Guest Blog by Trae Jordan, TTF Watershed Partnership Intern
We celebrated Earth Day with a BioBlitz that included 82 observers, 457 species, and 1500 observations!
Even amidst a global pandemic, residents in Philadelphia and Montgomery County were able to get outside, enjoy the fresh air, and participate in our recent BioBlitz! This BioBlitz was how we honored and celebrated Earth Day 50 here at TTF Watershed Partnership. We even hosted a webinar on how to use iNaturalist to make sure people had the information they needed to jump right in and start iNatting!
A BioBlitz is a gathering (at a distance) at which local residents document as many species as possible including animals, insects, plants, and more. These participants added to our TTF Watershed project through iNaturalist, which has over 12,000 observations in our watershed of almost 1,500 species by over 600 different people and groups.
To promote social distancing, community members were encouraged to participate on their own or with their family for the week spanning April 20 – April 27. As participants found different species, they were able to take pictures and submit them to our watershed project. As people post observations, other users and the app’s predictive feature helps people to identify what they have observed.
In this year’s BioBlitz, with the help of 82 individual observers, over 1,500 observations were submitted. Over the course of the week, participants documented 457 different species, which is nearly 10% more than last year!
Some of the most observed flora included Garlic Mustard and the Common Star-of-Bethlehem and some of the most observed fauna included the Northern Cardinal and the American Robin. There were even a handful of glimpses of the Red-tailed Hawk, Cedar Waxwings, and the blossoming Celandine Poppy. Former TTF Staff member and avid naturalist Robin Irizarry led the charge with observations of 190 different species. Way to go, Robin!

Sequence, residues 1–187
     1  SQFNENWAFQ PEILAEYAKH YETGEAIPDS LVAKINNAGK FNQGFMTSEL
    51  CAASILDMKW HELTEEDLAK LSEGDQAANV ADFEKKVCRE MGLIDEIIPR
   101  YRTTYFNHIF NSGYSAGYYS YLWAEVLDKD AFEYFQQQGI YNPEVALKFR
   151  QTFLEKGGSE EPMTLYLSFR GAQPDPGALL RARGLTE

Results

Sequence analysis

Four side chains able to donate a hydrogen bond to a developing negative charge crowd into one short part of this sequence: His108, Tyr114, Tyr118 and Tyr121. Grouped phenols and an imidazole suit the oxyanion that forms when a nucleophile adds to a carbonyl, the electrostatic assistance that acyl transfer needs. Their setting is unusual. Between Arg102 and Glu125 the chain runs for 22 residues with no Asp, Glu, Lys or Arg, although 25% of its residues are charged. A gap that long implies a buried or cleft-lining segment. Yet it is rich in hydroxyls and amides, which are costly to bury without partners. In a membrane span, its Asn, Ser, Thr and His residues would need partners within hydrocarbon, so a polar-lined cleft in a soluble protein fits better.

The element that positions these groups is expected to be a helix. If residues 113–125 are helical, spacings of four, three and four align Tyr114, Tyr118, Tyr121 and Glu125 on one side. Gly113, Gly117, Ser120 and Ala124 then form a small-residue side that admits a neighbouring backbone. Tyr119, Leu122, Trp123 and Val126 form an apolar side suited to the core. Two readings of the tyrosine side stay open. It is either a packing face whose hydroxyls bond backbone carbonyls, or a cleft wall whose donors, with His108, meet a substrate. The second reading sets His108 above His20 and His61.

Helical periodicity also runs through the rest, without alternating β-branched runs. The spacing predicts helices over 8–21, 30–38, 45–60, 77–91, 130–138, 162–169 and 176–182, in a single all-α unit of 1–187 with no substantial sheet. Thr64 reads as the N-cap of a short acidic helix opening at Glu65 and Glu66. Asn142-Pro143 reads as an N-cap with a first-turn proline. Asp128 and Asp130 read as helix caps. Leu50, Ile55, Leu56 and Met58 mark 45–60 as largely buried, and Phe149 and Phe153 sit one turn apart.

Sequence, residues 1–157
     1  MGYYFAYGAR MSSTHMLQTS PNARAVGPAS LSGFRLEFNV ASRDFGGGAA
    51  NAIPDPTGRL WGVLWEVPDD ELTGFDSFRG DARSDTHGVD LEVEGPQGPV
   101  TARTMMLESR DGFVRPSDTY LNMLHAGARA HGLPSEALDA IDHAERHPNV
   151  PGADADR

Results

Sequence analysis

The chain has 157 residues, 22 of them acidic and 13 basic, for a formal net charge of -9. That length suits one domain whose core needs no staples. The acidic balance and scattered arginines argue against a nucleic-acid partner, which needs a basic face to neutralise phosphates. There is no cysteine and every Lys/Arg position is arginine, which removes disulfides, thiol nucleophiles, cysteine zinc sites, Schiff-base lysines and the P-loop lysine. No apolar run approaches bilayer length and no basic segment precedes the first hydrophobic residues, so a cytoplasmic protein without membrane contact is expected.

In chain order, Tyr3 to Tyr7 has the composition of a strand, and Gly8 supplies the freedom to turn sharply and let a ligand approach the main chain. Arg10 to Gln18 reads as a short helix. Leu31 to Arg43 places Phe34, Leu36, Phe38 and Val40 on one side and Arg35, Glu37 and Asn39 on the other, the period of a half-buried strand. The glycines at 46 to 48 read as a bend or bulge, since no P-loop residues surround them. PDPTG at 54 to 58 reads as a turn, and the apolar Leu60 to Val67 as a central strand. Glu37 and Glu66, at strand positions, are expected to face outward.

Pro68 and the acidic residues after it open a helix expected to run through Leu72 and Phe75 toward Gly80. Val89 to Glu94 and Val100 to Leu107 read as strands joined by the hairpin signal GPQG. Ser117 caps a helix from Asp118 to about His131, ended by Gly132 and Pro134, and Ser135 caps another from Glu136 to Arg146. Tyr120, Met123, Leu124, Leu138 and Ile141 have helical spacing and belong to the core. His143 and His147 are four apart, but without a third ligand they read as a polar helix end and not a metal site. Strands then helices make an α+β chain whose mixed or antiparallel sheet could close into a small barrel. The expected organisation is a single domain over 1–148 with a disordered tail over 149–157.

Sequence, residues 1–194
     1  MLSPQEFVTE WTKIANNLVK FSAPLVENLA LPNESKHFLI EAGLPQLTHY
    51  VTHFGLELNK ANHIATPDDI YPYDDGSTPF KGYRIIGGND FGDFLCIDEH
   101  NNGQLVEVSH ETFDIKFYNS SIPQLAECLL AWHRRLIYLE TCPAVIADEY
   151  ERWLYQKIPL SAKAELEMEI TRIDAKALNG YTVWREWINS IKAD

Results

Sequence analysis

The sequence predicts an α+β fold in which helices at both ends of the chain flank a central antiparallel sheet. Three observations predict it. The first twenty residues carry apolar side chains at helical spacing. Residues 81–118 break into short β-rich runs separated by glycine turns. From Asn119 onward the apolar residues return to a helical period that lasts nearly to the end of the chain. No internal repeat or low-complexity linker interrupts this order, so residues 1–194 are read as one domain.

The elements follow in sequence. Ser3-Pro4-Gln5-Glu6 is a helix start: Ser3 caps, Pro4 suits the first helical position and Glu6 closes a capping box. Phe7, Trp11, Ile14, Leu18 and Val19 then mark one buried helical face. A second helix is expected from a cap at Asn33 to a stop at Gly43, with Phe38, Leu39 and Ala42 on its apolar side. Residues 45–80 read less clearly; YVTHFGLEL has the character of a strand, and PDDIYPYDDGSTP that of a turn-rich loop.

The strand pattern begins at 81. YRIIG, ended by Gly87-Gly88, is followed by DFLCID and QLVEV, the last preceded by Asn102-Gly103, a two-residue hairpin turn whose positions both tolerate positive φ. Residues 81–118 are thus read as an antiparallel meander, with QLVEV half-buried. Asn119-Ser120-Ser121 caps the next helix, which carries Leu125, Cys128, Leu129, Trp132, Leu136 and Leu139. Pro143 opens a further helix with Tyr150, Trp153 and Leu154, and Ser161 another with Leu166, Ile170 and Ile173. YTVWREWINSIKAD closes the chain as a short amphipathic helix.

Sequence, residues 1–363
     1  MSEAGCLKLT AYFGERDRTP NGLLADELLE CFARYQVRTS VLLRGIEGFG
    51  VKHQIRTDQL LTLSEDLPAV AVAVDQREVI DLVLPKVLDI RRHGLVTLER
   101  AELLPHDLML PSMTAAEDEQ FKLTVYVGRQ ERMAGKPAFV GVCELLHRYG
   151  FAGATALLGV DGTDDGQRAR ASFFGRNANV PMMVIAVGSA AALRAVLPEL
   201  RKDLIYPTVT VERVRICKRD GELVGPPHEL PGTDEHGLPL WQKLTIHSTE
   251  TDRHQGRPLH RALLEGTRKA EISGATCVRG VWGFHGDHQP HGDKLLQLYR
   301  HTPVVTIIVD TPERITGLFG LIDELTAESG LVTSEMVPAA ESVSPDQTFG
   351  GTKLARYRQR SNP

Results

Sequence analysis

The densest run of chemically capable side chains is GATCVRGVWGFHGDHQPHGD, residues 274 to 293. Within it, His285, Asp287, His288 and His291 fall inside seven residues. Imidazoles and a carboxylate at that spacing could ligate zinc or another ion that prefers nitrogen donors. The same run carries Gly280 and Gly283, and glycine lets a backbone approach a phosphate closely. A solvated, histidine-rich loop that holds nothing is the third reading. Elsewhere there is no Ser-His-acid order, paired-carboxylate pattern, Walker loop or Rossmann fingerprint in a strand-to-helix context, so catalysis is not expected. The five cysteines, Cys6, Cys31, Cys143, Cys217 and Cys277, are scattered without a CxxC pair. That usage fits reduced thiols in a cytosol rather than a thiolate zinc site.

These observations are critical to the work that we do. iNaturalist serves as a great tool to engage local residents, and provides data for scientists and researchers. It helps us to get a better understanding of the species that live in our watershed, and how our restoration work is affecting that composition. One other way that observations from iNaturalist are utilized is by helping us identify invasive species at some of our restoration sites and in Tacony Creek Park.
BioBlitzes like this one can offer a unique opportunity to understand more about the natural wildlife of our city. Even living in a dense urban environment, we share much of our space with nature and it is always great to learn more about what lives and thrives in our environment alongside us.
Not only did people participate in our annual BioBlitz, they also joined in the Philadelphia City Nature Challenge, which ran from April 24 -27 in Philadelphia and the surrounding counties of Bucks (PA), Chester (PA), Delaware (PA), Montgomery (PA), Gloucester (NJ), Burlington (NJ), and Camden (NJ) County.
The City Nature Challenge is a global challenge between cities to see who can document the most species in a short period of time. This year’s challenge was not a competition due to the effects of COVID-19. However, Philadelphia came in 6th globally with over 20,000 observations!
Any questions? Contact our iNaturalist expert: Ryan@ttfwatershed.org.